The students’ extraordinary abilities become both a source of salvation and a catalyst for conflict. This essentially forms two groups, with one side believing that they should use their powers to get back to the real world, and the other believing that the powers should be utilized for surviving this strange world.

Though the student council tries to impose orders, the two groups clash. But it’s not just the desires of these respective groups that serve as an obstacle, the students need to face their inner demons too as they confront this new world.

The students’ unique abilities and their resistance against the rules is thematically reminiscent of conflicts stemming from autonomy and societal constraints. The series raises questions about the existence of an individual as a cog in a system, the limits of authority, and the pursuit of personal liberation.

Sonny Boy also delves into the dynamics of power, raising questions about its responsible use, and the idea of rebellion. While it holds a mirror to the working class, and to our society as a whole, it doesn’t do complete justice to the themes it touches upon.

Instead, the characters are what makes this short anime really stand out. Nagara and Nozomi’s interactions are peach!

However, get ready for lengthy monologues and metaphorical dialogues, that not just reflect the themes I mentioned above, but are sometimes pure abstract.

The multifaceted narrative of the anime particularly helps to explore all the characters, their moral dilemmas, the difficult choices they face and the consequences of their actions in this unfamiliar dimension. We’ll end up questioning the very nature of right and wrong.

The animation style we see in Sonny Boy is also pretty unique. The fluidity of the animation is something that stood out for me and Madhouse should rightly be credited for the work that they did here. The OSTs too stood out and helps add more depth to the story!

3. Mononoke:

Would you be surprised if I told you that Mononoke anime is actually a spin-off? Yes, it is actually a sequel of sorts to the Bakaneko arc of Ayakashi: Japanese Classic Horror, and trust me, it is equally good or even better than its predecessor. It is a palette of colors ready to burst out and just paint your world in Japanese traditions and folklore!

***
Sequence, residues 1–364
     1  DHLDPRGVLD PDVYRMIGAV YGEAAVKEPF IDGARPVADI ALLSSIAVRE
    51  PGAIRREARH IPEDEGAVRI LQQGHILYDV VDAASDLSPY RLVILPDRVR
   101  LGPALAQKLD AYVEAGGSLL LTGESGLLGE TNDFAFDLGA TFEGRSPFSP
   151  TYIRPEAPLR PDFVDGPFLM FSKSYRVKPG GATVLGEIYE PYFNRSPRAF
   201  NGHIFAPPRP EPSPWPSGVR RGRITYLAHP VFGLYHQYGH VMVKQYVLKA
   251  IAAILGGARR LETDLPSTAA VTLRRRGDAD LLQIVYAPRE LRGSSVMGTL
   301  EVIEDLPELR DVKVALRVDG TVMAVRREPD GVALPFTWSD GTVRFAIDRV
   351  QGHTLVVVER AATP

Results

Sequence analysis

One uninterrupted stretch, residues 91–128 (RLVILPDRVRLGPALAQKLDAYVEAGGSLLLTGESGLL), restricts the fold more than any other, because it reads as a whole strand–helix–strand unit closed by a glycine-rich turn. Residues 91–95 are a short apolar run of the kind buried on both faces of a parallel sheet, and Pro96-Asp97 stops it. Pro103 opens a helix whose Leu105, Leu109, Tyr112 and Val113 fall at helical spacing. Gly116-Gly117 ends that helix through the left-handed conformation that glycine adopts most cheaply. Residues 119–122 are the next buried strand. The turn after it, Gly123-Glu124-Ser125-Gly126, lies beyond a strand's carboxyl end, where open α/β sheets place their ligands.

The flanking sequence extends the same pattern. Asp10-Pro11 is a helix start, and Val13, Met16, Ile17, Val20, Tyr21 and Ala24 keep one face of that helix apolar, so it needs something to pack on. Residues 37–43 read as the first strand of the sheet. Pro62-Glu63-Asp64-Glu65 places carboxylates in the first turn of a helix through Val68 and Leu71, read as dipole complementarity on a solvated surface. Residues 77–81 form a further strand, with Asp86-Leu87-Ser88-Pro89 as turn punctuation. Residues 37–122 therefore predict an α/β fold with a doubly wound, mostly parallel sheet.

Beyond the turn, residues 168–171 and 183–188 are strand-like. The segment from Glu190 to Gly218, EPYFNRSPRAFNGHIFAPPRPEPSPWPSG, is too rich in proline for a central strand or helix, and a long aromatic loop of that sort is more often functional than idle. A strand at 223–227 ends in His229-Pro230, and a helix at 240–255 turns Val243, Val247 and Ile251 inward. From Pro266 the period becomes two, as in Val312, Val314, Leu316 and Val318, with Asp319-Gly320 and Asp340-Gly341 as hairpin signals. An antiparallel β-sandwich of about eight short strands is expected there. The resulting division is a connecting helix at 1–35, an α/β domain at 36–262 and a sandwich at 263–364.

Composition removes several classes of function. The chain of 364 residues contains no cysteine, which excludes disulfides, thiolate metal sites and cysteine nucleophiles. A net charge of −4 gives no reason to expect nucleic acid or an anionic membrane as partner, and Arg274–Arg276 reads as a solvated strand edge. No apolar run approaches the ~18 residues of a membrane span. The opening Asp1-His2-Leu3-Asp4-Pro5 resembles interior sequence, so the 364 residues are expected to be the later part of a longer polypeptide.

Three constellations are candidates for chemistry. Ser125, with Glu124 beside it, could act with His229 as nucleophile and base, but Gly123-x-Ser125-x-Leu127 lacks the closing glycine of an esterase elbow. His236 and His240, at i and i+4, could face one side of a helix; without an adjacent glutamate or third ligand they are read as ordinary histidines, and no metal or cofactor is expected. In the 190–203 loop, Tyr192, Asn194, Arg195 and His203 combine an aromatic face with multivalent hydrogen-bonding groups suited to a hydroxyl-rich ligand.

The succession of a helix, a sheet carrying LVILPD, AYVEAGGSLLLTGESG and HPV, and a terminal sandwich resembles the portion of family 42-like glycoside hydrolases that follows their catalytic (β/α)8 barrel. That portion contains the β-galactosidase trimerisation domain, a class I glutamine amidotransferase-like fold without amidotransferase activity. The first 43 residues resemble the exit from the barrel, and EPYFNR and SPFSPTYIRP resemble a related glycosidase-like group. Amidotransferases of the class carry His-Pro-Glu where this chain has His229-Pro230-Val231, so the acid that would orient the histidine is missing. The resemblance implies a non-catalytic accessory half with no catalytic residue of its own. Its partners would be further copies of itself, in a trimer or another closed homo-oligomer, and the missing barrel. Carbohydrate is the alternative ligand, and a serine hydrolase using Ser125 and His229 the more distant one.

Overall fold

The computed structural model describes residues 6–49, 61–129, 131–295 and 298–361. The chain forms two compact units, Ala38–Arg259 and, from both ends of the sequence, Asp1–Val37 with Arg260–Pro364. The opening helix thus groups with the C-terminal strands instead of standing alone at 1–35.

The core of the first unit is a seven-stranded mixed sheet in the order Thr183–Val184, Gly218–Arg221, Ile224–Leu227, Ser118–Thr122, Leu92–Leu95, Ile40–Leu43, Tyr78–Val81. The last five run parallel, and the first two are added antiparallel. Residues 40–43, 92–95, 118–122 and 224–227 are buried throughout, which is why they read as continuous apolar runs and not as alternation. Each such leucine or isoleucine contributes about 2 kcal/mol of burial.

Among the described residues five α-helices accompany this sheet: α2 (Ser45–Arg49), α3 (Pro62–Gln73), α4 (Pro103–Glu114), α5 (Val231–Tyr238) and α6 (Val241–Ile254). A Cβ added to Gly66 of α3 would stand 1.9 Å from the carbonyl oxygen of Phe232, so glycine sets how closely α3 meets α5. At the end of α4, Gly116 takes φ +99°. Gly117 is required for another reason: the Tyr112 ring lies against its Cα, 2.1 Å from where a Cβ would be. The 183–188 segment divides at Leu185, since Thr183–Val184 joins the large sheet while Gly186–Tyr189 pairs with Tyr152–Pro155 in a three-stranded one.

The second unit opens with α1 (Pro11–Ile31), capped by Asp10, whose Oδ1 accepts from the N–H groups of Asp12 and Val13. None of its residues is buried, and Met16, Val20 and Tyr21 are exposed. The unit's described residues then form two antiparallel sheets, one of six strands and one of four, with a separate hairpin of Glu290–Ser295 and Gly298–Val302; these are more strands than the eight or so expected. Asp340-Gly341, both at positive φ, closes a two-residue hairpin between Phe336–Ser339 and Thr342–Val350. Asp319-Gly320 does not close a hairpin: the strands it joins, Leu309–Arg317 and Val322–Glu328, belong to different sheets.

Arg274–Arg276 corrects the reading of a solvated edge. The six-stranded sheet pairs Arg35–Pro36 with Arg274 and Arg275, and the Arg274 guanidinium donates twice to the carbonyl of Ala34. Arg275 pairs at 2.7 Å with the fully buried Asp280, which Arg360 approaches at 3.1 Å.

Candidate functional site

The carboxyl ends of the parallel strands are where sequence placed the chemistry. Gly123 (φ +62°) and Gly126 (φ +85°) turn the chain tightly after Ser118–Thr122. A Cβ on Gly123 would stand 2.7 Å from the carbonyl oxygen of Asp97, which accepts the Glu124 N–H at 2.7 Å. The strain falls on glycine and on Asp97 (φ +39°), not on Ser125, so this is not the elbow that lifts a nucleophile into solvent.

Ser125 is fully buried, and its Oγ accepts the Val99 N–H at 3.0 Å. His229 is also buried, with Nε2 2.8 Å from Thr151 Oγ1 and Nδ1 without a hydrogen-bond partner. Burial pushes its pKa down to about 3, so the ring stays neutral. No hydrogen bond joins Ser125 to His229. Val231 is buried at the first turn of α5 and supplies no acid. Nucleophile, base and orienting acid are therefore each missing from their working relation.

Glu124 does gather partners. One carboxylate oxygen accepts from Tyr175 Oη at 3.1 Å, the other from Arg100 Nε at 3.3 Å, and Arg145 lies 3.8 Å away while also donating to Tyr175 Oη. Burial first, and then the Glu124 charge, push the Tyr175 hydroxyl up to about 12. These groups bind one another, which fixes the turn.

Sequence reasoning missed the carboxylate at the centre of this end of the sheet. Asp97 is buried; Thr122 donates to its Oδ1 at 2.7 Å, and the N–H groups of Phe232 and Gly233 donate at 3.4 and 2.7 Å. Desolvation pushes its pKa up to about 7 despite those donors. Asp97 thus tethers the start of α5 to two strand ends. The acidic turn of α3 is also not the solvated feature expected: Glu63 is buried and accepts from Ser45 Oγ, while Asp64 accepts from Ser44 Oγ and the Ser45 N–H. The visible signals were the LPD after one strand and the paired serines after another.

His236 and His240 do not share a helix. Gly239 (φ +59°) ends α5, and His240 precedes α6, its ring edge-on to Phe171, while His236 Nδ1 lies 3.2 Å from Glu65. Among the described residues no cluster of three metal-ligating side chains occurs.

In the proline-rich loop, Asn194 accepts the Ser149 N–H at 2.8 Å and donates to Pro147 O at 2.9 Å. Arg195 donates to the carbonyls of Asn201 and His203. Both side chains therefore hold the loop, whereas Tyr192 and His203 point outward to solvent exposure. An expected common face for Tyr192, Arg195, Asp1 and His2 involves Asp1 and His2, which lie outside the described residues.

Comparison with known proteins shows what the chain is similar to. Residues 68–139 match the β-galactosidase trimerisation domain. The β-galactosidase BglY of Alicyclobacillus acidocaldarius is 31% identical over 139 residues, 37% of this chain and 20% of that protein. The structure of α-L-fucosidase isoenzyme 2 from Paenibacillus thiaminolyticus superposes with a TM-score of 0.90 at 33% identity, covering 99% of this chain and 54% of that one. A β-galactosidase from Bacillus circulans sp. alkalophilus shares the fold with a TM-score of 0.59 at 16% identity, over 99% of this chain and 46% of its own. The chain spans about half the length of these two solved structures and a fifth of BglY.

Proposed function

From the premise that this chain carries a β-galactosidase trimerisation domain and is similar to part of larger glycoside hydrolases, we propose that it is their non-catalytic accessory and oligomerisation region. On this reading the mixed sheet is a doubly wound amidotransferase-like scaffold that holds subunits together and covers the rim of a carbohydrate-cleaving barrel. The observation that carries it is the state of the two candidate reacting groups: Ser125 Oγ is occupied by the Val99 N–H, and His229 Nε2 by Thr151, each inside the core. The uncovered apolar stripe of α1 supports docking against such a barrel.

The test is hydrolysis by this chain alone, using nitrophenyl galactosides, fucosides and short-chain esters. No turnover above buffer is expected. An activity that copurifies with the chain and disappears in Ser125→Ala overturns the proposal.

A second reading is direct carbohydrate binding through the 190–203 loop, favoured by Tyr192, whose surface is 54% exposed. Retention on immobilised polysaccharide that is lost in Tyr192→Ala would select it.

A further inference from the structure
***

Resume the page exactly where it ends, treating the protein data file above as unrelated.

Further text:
Set in Edo period, it revolves around the mysterious and nameless medicine seller, who possesses an uncanny ability to perceive and exorcise Mononoke – malevolent spirits born from the profound emotions of mankind.

Gazing through the veil that separates the seen and unseen, the medicine seller traverses the lands, uncovering dark secrets. Wait what?

I’m pretty sure you have seen your share of horror anime. While gore and violence have turned out to be defining elements of the genre, Mononoke manages to distance itself from the cliche and confidently stand out while doing so.

For the medicine seller to exorcise a mononoke, he first has to understand what fuels its, its form and the reason (you’ll understand this more when you watch the anime), before he can proceed to exorcise it. And in the process of doing so, he unveils the dark undercurrents of human nature, exposing the innermost desires and flaws that birthed these vengeful spirits.

As the narrative unfolds, we delve deeper into the intricacies of human psychology, exploring themes of guilt, regret, obsession, and the fragile boundaries between sanity and madness. The best part? All of this is done over a course of 2-3 episodes.

Well, Mononoke has 12 episodes in all. However, it comprises comprises of 5 different stories, each around 2-3 episodes long, featuring a new set of side characters and a fresh plot. However, in this small span, the anime manages to flesh out the characters and weave an aura of horror and mystery.

From opulent mansions to bustling theaters and serene mountain villages, the stage that is set for each story is quite vibrant and attractive!

But that’s not all. Mononoke is a masterful work of artistry. It seamlessly blends traditional Japanese aesthetics into its plot with vivid imagery and symbolic motifs. And the music? The haunting notes and spectral melodies play an important role in creating an immersive atmosphere for the viewers to thrive and enjoy the anime. You’ll be thoroughly enchanted by what you experience.

The metaphorical tales exploring the human psyche, often hit close to home, and makes you wonder if the anime, through the medicine seller, is actually prompting us to tackle our inner demons. I sure felt so!

While this anime is highly acclaimed, people sometimes point out the subtleness of the narrative and slow pacing as cons. For me, however, these were the points that adhered the most. It gives Mononoke its own unique identity, and makes it stand out as a work of art!